Qwest Sells Woman "Cheaper" Package That Costs More, Has Unmentioned 2-Year Commitment, And Requires New Modem

Matt’s mom, a longtime Qwest customer, called up the company to switch her long distance over from AT&T. The CSR suggested she switch over to a bundled package that would save her $11 a month and offer faster Internet connection speeds. What the CSR didn’t mention was that the new package required a 2-year commitment, that it wouldn’t work with her current DSL modem, and that it actually came out to about $3 more per month.

Customer service has been no help, so Matt emailed people at the executive level. Although several addresses bounced back the message, Matt did receive a promise that Qwest’s executive VP that someone from customer service would contact him to resolve the matter. That was on March 31st, and he still hasn’t heard back from anyone.

Here’s the email Matt sent to the Qwest bigwigs:

Dear Teresa Taylor,
 
My name is Matt [redacted] and I am writing to you on behalf of my mother, [redacted]. Recently, she was the victim of some very bad customer service, of which I wanted to make you aware. My mother was satisfied with her service, but when she attempted to add a long distance plan to her decades-old account, adding to Qwest’s bottom line, she was bumped off her plan, signed up for a two year contract without her knowledge, presented with false claims that she would save money, asked to pay an additional $60, and prevented from using the service for which she paid, for approximately a week at the time of writing.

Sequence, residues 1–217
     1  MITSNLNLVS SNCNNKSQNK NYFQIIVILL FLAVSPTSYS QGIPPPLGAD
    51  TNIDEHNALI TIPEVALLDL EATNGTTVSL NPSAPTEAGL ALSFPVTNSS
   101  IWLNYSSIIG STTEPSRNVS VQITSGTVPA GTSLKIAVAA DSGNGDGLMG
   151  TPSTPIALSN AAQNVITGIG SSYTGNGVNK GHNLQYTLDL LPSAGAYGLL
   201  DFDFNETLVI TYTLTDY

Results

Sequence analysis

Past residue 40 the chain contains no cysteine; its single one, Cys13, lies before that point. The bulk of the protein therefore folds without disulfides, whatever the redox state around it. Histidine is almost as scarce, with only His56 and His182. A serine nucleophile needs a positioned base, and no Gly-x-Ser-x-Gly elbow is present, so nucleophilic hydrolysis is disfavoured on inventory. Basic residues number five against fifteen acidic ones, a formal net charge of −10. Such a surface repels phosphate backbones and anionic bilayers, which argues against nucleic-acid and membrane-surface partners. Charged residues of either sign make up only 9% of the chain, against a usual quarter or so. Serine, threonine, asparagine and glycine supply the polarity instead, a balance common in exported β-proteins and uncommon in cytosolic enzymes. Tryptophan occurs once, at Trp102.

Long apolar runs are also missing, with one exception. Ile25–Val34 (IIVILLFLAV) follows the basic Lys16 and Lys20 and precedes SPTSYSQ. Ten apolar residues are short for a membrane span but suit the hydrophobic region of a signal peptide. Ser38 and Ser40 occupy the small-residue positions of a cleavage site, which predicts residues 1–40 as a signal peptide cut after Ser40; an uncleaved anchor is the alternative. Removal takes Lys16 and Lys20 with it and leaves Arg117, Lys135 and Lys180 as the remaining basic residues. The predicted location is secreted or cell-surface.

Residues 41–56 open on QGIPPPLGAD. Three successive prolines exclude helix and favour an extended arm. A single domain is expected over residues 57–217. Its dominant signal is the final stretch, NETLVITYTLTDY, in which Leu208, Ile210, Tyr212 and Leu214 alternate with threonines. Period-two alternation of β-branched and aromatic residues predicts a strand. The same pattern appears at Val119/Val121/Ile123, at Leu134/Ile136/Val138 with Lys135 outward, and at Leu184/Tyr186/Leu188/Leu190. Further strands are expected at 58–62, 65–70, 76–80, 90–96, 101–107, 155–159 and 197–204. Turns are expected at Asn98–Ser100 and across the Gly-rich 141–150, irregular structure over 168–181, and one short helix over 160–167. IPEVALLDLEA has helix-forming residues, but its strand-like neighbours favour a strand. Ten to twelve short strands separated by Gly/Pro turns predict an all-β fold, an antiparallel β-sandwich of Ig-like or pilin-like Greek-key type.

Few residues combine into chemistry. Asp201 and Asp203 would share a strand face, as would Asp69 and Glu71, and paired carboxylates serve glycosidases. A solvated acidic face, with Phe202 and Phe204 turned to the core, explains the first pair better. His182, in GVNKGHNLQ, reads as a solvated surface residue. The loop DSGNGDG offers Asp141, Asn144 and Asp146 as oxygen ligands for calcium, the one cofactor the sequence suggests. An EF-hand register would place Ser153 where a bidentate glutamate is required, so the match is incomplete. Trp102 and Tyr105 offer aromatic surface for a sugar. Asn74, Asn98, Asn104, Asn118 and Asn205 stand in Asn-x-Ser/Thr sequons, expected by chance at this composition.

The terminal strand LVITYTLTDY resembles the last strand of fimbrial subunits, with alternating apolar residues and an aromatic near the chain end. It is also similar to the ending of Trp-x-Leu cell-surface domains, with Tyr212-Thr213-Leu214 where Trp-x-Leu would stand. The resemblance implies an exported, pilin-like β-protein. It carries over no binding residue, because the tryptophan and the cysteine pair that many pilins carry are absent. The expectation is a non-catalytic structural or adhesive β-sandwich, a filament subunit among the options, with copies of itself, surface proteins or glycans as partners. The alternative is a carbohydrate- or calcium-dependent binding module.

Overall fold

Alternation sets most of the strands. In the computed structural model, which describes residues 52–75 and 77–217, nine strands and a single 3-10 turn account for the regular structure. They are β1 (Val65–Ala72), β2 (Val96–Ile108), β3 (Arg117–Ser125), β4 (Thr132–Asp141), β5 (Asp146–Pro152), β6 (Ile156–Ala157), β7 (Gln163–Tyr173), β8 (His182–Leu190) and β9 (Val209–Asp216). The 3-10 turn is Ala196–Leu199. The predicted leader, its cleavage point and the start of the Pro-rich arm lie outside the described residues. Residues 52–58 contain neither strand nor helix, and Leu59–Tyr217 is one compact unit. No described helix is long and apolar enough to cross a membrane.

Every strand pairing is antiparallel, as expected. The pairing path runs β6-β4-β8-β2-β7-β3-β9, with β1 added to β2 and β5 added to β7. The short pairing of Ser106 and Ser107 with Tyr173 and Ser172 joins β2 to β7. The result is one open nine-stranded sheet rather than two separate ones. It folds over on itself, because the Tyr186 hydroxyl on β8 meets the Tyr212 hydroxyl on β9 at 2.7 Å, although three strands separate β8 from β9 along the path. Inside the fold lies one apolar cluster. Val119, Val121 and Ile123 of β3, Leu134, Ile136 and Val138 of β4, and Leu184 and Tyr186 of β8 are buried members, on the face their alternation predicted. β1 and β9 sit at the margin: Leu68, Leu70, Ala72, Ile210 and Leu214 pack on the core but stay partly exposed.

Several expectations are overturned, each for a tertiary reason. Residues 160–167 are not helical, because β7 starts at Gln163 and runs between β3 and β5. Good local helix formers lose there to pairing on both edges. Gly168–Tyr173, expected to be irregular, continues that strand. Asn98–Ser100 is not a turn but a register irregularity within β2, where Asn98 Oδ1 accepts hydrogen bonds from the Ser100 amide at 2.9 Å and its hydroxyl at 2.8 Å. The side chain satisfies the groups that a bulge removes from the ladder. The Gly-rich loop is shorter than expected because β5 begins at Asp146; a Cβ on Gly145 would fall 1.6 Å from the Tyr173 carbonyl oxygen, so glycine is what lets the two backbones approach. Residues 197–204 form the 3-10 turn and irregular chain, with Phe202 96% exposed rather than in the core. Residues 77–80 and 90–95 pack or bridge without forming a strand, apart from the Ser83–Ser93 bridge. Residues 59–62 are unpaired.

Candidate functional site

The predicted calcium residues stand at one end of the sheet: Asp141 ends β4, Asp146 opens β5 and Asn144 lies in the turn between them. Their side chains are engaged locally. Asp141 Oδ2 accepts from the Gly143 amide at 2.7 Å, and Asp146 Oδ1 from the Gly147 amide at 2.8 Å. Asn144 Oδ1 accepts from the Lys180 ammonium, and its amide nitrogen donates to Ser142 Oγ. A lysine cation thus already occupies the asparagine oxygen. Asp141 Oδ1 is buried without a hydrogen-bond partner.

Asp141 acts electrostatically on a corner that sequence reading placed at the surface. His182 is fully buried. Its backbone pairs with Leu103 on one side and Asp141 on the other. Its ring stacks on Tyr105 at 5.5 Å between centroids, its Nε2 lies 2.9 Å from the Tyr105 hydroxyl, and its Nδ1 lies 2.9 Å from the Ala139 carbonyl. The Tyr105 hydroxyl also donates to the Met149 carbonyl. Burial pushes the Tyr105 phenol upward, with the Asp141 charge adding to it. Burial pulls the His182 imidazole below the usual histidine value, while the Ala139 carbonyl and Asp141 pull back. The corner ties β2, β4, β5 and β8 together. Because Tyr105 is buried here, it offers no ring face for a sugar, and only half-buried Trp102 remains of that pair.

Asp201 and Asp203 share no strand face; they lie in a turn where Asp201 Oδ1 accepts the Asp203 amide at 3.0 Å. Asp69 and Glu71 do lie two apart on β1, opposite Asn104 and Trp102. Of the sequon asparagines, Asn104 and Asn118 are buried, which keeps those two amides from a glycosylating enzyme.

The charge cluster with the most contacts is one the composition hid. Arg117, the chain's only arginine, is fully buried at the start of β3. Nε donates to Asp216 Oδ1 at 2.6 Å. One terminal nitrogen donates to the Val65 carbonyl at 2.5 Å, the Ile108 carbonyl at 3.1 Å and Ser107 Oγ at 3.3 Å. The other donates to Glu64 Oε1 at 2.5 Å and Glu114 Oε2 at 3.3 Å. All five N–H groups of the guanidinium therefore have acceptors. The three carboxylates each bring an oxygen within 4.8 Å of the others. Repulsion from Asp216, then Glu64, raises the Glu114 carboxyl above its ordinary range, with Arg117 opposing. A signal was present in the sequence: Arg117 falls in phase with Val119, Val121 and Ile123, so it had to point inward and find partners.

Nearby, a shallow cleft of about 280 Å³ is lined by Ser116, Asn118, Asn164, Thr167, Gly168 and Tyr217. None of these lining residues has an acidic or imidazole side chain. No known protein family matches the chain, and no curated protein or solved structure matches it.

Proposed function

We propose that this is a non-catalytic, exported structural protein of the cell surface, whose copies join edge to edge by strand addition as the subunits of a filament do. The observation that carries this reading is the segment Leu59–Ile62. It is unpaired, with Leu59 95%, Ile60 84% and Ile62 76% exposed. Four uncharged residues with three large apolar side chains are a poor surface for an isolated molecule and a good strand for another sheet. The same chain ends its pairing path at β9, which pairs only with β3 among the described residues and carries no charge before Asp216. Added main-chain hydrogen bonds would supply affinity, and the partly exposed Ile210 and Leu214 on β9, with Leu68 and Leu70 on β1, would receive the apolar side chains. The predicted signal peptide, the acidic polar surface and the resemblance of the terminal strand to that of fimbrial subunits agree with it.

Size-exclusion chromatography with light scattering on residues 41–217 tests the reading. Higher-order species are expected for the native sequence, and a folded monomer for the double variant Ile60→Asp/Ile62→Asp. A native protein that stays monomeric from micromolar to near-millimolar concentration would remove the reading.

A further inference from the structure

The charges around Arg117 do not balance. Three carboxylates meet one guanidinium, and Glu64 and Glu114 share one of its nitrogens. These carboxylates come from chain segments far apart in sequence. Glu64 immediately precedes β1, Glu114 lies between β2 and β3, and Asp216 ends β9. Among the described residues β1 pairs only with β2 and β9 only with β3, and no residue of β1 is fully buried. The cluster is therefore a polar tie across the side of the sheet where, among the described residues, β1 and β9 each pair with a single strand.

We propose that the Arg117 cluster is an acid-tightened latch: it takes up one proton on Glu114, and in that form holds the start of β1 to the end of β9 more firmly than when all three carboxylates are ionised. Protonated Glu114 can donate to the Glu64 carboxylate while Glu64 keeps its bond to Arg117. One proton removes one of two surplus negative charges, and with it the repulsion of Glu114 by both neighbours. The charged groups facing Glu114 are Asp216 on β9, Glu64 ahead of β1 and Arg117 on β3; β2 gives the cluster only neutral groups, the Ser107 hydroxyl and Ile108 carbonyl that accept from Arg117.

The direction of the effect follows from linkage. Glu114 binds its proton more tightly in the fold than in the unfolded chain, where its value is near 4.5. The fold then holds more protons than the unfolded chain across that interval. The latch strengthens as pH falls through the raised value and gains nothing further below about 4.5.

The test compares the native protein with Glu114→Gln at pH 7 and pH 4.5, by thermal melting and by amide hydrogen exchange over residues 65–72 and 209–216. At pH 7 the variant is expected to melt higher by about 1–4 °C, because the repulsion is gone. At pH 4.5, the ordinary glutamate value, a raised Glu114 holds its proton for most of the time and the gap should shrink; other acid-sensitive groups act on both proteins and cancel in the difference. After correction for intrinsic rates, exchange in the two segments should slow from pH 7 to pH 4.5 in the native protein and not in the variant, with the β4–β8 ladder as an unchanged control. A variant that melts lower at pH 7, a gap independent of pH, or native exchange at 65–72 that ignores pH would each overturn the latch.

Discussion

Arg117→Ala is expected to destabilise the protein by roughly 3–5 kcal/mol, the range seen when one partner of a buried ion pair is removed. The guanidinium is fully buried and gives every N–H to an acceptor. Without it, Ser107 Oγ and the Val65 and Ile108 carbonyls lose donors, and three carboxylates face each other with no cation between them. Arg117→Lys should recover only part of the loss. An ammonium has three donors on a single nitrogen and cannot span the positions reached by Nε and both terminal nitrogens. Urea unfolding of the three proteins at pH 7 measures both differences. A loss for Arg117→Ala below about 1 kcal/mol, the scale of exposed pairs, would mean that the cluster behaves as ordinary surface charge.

My mother has had the same phone service for over three decades, including Qwest and your predecessors in the area, at the phone number [uh-oh redacted as well]. She has had DSL internet with Qwest for approximately 8 years, signing up for a 256 kbps line with an internal DSL modem. Her bill in February for these two services totaled approximately $63. For most of this time, she has been very satisfied, except for the times when her connection would be unavailable for days or weeks at a time. Tech support representatives were often completely unhelpful, despite keeping her on the phone for hours. On one occasion, over a three-day weekend, she had to wait three and a half days to have someone reset her password after she had forgotten it and accidentally erased it from her computer.
 
Recently, she made a phone call to Qwest to try to sign up for a long distance plan to replace her plan with AT&T. This should have been a simple call to add a relatively inexpensive service, but she was given a hard sell to change her plan. She was told that she could save $11 by switching to a bundle that would include phone and internet service at 1.5 mbps, and an additional discount for bundling her phone, internet, and DirecTV service. The operator failed to mention that she would be signing a two year contract with Qwest as part of the Price for Life program, the new bill for phone and internet would total approximately $66, she would be ineligible for the new DirecTV equipment that new customers receive, and that the service would fail to work with her current modem, requiring her to buy or rent a new one. Soon after, she was unable to use her internet and approximately a week passed before the issue was resolved when my mother and I spoke with someone in the sales department.